Lion Air JT610 cockpit voice recorder recovered

The missing Cockpit Voice Recorder of crashed Lion Air Flight JT610 has successfully been recovered by the Indonesian Navy, allowing for desperation to reside and in-depth investigations to be commenced as to what brought down the two-month-old Boeing 737 MAX 8.

Located 38 meters below the surface under mud, the missing blackbox recorder was found at 9:10 on the 14th of January after the Navy detected extremely weak signals coming from a particular area near the crash site.

The crash was the deadliest of 2018, killing 189 people. It was also the first crash for the Boeing 737 MAX, which has ultimately led to a multi-billion dollar feud with Lion Air, distraught families and Boeing. The airline stated to media in December that it is willing to cancel 190 Boeing aircraft worth $22 billion if the manufacturer did not act accordingly.

Investigators have already started the transfer of data from the recorder to appropriate reading devices. This information will provide the investigators with a first-person perspective of what happened in the cockpit before the aircraft struck the water.

The plan is to complete the transfer locally, however any issues that arrive will immediately see the box sent to its manufacturer. Investigators expect the transfer will take five days if all goes to plan.

Preliminary reports already outline points about Lion Air’s maintenance and training as well as Boeing’s anti-stall system which has sparked controversy from multiple airlines about the lack of mention in any aircraft manual.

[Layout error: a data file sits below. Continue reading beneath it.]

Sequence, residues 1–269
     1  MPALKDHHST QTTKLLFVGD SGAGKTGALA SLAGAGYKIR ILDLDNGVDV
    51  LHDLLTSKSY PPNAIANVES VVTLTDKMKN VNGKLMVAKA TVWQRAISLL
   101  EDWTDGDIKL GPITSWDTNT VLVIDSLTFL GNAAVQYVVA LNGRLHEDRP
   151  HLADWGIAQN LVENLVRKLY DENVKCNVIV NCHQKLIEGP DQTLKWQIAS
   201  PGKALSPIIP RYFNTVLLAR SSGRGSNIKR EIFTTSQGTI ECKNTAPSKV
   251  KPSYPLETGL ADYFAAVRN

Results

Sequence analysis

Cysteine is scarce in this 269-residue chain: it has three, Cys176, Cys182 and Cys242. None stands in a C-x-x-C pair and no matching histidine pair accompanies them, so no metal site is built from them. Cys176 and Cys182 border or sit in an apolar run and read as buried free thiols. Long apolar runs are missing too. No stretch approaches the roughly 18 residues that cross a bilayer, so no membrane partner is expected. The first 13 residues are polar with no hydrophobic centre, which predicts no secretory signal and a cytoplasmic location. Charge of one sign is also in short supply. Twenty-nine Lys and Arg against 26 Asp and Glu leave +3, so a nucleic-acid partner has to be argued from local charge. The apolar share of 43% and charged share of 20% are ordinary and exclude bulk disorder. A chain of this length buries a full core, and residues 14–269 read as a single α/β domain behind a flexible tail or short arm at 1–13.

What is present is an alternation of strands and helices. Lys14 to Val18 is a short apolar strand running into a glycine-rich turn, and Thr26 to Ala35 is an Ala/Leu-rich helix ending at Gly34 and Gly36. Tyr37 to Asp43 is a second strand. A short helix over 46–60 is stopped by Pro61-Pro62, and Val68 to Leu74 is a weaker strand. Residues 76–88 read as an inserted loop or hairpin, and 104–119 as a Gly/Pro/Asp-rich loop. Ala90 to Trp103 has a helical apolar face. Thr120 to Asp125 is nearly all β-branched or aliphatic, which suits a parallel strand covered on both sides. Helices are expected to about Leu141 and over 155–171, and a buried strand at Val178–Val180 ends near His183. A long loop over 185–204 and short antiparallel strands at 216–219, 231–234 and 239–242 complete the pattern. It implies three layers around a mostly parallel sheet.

Considering the impact and being submerged eight meters under the seafloor, the CVR looks in excellent condition from the outside, with what seems to be only exterior damage and no major dents or twists. The following images sourced from Reuters show the CVR being held by authorities involved:

Lion Air JT610 cockpit voice recorder recovered

Cockpit Voice Recorder being held out of its security tank – Reuters

Boeing will continue to work with Lion Air to determine the cause of the crash and implement any prevention measures to their aircraft based on what’s found. Although families have filed lawsuits against Boeing, it’s important to stress that until an investigation is complete, there’s no immediate subject to blame.

The preliminary report, which is based off initial findings, is likely to receive large findings to complement anything identified with the pilots flying at the time.